Chinese property firms bank on VR to beat virus

Mass lockdowns in China following the coronavirus outbreak have left property sales in the country facing a full-year decline for the first time in five years. (AP)
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Updated 15 February 2020

Chinese property firms bank on VR to beat virus

  • Developers hope virtual reality salesrooms and livestreams can end market slump as potential buyers refuse to leave their homes

HONG KONG: China’s property developers and realtors are turning to virtual reality salesrooms and livestream marketing to thaw a frozen market as the coronavirus epidemic keeps physical offices shut and potential buyers are afraid to leave their homes.

A female employee of Sunac China introduced a residential development in the southern city of Qingyuan on social media platforms Tiktok and Weibo wearing a white gown and waving a paper fan.

The livestream on Tuesday attracted a total of 510,000 viewers for Sunac, China’s fourth-largest developer by sales, but it was unclear whether any of them bid for the property.

Twenty of the top 100 developers have done livestream sales since the virus outbreak, property researcher CRIC said, adding that 92 of them run online sales platforms which some recently revamped in response to the virus.

Property sales by floor area in China fell 0.1 percent in 2019, marking the first full-year decline in five years, and analysts expect sales may drop again this year due to the epidemic.

The outbreak has led to several cities being locked down, mass quarantines and work and travel disruptions as Beijing works to contain the flu-like virus which has killed 1,380 people and sickened more than 60,000.

Major realtors including Centaline are also doing more live forums online, hosting talks with senior executives on the property market.

Trying to make homebuyers more comfortable in buying online, Centaline plans to work with property developers to build virtual salesrooms for their new developments.

“The online sales platform has been around for a while, but it was mostly for advertising and chats between agents and buyers,” said Centaline Shenzhen General Manager Alan Cheng.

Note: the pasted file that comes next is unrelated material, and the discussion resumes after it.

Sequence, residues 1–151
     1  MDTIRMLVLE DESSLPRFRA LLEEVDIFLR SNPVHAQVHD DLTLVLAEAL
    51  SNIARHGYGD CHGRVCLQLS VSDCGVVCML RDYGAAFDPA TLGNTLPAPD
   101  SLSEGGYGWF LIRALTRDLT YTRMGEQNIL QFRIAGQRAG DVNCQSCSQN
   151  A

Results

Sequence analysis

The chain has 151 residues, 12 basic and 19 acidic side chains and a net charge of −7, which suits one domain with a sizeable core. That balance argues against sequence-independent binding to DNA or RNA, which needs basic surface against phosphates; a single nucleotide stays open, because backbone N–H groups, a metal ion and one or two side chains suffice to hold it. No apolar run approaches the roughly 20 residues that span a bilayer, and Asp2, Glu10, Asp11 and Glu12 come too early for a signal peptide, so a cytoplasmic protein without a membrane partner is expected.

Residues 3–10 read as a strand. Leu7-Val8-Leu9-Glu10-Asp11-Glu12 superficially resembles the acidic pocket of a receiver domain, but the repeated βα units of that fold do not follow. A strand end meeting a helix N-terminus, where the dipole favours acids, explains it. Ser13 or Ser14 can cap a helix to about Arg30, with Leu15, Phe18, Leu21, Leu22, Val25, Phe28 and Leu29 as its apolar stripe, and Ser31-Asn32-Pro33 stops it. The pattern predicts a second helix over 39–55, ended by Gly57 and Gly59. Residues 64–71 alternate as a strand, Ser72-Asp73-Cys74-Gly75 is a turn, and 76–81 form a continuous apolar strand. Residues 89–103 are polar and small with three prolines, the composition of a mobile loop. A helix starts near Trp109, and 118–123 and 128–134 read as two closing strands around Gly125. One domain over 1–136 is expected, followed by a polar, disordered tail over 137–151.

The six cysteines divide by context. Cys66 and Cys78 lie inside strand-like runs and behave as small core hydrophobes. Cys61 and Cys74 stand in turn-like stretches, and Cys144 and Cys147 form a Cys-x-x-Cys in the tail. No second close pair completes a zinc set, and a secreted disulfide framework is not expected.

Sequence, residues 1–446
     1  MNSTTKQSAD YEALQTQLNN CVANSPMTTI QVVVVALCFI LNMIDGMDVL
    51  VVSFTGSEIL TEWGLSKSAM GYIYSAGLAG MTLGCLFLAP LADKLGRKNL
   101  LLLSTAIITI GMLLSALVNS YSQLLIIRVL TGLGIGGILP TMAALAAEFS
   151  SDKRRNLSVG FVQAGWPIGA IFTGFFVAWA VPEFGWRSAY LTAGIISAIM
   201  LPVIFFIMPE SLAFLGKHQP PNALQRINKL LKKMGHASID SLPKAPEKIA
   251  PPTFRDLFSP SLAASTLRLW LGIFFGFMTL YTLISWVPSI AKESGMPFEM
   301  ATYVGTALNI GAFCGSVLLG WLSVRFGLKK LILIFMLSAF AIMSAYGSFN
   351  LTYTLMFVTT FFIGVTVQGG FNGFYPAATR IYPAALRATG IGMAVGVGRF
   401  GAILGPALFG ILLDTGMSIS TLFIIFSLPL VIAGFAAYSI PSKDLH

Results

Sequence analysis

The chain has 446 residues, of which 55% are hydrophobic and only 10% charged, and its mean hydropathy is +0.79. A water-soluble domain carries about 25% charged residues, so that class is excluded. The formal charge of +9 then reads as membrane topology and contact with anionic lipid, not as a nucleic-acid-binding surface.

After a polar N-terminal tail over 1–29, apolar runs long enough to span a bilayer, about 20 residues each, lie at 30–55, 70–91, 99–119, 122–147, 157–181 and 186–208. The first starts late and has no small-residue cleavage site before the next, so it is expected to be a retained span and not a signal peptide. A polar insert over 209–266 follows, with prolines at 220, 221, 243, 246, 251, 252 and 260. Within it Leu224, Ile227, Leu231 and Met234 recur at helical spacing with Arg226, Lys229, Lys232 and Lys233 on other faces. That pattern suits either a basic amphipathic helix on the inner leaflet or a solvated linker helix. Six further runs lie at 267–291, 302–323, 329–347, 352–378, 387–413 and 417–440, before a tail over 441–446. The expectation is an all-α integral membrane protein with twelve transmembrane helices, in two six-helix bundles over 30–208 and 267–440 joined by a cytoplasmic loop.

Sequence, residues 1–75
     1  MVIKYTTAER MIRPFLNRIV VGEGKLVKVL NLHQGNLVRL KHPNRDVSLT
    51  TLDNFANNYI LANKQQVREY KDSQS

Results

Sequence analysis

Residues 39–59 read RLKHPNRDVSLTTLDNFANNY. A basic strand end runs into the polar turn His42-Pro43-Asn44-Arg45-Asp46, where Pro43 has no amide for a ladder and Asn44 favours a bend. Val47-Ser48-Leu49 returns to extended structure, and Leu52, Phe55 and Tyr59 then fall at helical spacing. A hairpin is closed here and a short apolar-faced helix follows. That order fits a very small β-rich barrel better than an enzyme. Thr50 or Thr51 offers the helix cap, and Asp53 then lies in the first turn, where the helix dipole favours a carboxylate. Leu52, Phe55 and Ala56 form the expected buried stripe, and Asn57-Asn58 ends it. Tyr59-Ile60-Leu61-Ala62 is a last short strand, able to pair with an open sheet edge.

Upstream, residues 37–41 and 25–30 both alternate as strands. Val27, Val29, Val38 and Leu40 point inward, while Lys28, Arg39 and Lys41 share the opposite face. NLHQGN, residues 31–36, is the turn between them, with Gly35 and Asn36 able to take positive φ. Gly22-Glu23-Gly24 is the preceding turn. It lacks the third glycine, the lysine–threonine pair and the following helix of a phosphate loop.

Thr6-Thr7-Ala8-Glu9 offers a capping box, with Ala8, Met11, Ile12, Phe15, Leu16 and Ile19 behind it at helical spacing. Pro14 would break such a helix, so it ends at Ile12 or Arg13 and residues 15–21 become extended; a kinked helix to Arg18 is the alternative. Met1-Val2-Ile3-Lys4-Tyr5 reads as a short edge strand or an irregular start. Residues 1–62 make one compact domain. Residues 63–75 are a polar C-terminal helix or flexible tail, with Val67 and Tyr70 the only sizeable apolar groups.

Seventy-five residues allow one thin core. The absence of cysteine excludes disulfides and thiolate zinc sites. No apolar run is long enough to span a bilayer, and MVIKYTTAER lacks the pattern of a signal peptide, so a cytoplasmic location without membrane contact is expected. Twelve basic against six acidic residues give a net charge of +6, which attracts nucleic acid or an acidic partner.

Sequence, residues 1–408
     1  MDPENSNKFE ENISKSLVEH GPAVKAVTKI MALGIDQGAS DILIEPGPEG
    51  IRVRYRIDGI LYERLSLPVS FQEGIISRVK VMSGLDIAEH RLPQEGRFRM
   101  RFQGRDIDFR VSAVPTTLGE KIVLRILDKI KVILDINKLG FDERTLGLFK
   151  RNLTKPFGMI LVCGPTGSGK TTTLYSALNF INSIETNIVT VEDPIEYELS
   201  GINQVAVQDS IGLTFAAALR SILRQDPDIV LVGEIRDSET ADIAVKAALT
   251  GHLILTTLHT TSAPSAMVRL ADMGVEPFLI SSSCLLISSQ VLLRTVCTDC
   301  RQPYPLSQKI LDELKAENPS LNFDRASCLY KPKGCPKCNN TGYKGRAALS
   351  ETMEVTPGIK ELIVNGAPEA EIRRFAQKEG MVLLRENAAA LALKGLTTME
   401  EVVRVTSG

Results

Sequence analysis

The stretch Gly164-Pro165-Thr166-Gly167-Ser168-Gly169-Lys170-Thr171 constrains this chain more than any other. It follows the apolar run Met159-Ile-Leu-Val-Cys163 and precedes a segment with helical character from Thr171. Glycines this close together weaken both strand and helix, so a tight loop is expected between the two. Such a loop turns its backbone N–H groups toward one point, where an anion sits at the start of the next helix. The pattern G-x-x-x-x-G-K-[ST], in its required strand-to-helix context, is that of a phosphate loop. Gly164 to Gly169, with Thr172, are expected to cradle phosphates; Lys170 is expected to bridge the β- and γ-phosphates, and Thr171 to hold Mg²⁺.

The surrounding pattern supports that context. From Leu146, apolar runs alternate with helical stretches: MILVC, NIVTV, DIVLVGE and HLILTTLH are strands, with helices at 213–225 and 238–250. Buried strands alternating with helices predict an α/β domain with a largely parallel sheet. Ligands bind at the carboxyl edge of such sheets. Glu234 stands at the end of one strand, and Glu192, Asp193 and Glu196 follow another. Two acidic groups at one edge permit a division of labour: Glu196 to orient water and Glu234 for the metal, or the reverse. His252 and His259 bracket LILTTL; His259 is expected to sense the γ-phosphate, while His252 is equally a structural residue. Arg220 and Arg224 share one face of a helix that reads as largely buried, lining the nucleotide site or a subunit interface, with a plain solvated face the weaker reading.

“Now because homebuyers are not able to go out and see the flats themselves, we will focus on providing more real live videos to engage with them.”

He said the firm this week introduced online contracts that involve third-party authentication technology in two cities, one of the first in the industry, so that buyers can sign the documents without leaving home.

Efforts are being made offline as well.

China Evergrande, the third-largest developer by sales, announced on Thursday that homebuyers are entitled to a lowest-price guarantee until May 10, where the company will refund buyers the difference if prices drop.

Sunac, depending on the city, allows its customers to forfeit the purchase free of charge within up to 60 days.

Despite the industry’s creative efforts, the market has all but ground to a halt.

Centaline’s Cheng said the few transactions now appeared mostly in the rental market or when sellers were willing to slash prices. 


Arab News recording exposes Nissan lawyer’s lie on IMF bailout for Lebanon

Updated 01 June 2020

Arab News recording exposes Nissan lawyer’s lie on IMF bailout for Lebanon

LONDON: Arab News has published the recording of an interview with a Nissan lawyer after he denied saying that a bailout of Lebanon by the International Monetary Fund (IMF) was linked to the extradition of fugitive tycoon Carlos Ghosn.

The former Nissan chairman fled to Beirut in December from Japan, where he faced charges of financial wrongdoing.

In a story published in Arab News Japan on Saturday, Sakher El Hachem, Nissan’s legal representative in Lebanon, said the multibillion-dollar IMF bailout was contingent on Ghosn being handed back to Japan. 

The lawyer said IMF support for Lebanon required Japan’s agreement. Lebanese officials had told him: “Japan will assist Lebanon if Ghosn gets extradited,” the lawyer said

“For Japan to agree on that they want the Lebanese authorities to extradite Ghosn, otherwise they won’t provide Lebanon with financial assistance. Japan is one of the IMF’s major contributors … if Japan vetoes Lebanon then the IMF won’t give Lebanon money, except after deporting Ghosn.”

On Sunday, El Hachem denied making the comments. “The only thing I told the newspaper was that there should have been a court hearing on April 30 in Lebanon, but it was postponed because of the pandemic,” he said. In response, Arab News published the recording of the interview, in which he can be clearly heard making the statements attributed to him. 

Japan issued an arrest warrant after Ghosn, 66, escaped house arrest and fled the country.

Now listen to the recording: